Turkish prosecutor says Ankara's pandemic restrictions are illegal

A Turkish prosecutor named Eyüp Akbulut said in a video he shared with the public that the restrictions implemented by the government under the guise of pandemic safety measures were illegal because they violated the principle of narrow tailoring.

Duvar English 

A Turkish prosecutor named Eyüp Akbulut said in a video he shared with the public that the government's restrictive measures dubbed as pandemic safety measures were illegal, adding that he thought he would lose his job for his criticisms. 

Akbulut said that he had launched an investigation into the legality of the measures a while ago that led to his conclusion that the nationwide curfew, the mask mandate, the social distancing rules and travel bans were not legally sound.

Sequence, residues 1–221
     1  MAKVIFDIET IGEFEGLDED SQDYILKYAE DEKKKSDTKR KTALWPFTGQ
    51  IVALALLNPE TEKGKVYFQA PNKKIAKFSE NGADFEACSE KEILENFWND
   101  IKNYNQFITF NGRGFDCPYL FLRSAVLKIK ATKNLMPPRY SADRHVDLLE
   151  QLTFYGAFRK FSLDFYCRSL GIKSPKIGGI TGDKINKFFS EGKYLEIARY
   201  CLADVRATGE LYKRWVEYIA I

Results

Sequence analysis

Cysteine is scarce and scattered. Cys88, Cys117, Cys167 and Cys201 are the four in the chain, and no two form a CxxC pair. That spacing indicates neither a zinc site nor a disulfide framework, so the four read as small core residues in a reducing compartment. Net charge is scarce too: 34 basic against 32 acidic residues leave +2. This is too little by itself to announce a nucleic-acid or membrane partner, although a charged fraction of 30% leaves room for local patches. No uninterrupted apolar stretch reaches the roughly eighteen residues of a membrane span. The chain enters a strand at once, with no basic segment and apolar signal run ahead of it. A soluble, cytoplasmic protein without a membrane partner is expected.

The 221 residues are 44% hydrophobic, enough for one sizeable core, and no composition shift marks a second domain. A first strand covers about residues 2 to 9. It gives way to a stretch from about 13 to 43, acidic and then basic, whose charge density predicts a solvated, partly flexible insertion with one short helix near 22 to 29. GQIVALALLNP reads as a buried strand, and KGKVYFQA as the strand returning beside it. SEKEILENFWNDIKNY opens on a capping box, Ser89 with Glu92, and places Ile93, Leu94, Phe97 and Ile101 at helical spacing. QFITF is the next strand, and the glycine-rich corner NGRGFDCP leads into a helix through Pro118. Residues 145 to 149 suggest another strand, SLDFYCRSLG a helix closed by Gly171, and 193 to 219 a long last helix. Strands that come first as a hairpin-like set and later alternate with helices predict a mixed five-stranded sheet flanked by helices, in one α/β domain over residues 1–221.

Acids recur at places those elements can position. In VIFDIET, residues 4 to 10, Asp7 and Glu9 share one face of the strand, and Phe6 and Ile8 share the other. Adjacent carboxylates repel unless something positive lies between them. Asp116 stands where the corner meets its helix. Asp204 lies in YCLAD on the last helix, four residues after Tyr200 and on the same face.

"The fact that a law says the governor will take necessary measures doesn't mean anything. The governor could require us to do things we don't find reasonable for that matter," Akbulut said. "Narrow tailoring is an essential element of restrictions on basic rights and freedoms."

The restrictions violated the 32nd article of the Turkish Law on Misdemeanors, Akbulut said, noting that the legislation limits the government's authority to enforce restrictions.

"These measures are only taken when people are sick or are suspected to be sick," Akbulut said. 

Persuasion teams employed by the Health Ministry to convince citizens to receive their vaccines make patients sign a "garbage" document that falsely claims they have been informed, Akbulut added. 

The prosecutor was "willing to suffer the consequences" of his statements because the press self-censors and the public needs to be encouraged, he said.